Lois A. Bowers

I got a flu shot last week. I sheepishly admit that it’s not something I do every year, but this year, the statistics scared me, and they haven’t improved.

As of Friday, flu was widespread in every state except Hawaii, according to data from the Centers for Disease Control and Prevention. It’s the first time in at least 13 years that the virus has been so widespread in every state at the same time in the continental United States, Dan Jernigan, M.D., MPH, director of the influenza division in the CDC’s National Center for Immunization and Respiratory Diseases, said Friday in a call with members of the media.

Sens. Susan Collins (R-ME) and Bob Casey (D-PA), chairman and ranking member, respectively, of the U.S. Senate Special Committee on Aging, on Friday even took the unusual step of issuing statements encouraging older adults to get vaccinated.

So far this flu season, influenza A, H3N2, has been the most common form of the flu, CDC Director Brenda Fitzgerald, M.D., said in the Friday call. “These viruses are often linked to more severe illness, especially among children and people age 65 and older,” she said. “When H3 viruses are predominant, we tend to have a worse flu season with more hospitalizations and more deaths.”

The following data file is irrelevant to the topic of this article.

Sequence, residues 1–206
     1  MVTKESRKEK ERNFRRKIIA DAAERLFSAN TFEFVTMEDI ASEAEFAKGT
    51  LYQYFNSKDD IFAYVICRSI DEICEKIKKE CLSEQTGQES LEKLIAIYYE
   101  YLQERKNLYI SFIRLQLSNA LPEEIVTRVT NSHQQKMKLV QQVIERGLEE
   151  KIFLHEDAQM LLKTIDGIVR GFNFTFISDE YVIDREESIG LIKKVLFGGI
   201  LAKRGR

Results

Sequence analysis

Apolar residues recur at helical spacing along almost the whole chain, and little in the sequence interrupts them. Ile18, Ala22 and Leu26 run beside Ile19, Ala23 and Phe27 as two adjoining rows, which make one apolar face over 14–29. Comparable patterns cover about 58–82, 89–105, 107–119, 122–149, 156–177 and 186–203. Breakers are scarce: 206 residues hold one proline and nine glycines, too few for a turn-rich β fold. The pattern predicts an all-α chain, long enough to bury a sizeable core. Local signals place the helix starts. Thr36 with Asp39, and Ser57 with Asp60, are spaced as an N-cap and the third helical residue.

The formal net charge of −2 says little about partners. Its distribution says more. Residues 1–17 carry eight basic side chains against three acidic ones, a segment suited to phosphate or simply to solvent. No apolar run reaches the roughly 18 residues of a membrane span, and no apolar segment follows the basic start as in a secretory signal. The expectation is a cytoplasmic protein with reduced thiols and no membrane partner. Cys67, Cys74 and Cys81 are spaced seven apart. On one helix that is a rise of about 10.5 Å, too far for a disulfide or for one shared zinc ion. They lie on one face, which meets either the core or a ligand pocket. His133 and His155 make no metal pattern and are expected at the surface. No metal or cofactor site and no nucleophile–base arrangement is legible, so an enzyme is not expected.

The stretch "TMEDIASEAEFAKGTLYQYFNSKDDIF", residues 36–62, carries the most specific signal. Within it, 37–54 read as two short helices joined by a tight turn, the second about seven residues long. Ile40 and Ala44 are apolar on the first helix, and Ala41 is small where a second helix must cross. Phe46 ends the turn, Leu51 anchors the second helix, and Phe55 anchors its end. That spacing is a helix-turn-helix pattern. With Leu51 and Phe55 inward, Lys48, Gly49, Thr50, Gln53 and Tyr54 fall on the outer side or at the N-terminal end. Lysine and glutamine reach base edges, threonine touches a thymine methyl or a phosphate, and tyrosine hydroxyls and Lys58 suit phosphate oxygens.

And the highest rates of hospitalization so far this season have been among those aged 65 or more years and those aged 50 to 64, Jernigan added.

Flu activity can peak at late as February and last as late as May, according to the federal agency, so if you haven’t been vaccinated yet this year, please consider it.

As the CDC shares, although the flu vaccine can vary in how well it works, it is the best way to prevent flu illness and serious flu complications. And getting vaccinated protects your fellow workers and the residents cared for in your buildings, who may be more vulnerable to serious flu illness due to their age or chronic health conditions.

And as a recent study found, flu vaccination could offer your senior living community a competitive advantage over other communities.

Beyond vaccination, Fitzgerald said: “We also know that you can reduce your risk of getting the flu through everyday good health habits, like covering your mouth when you cough and frequently washing your hand. You need, of course, to limit contact with others who might be sick and, if possible, stay home when you are sick to help prevent the spread of germs and respiratory illnesses like the flu. These are the most important measures that we all should be doing.”

See the CDC’s toolkit for long-term care employers.

Lois A. Bowers is senior editor of McKnight’s Senior Living. Follow her on Twitter at @Lois_Bowers.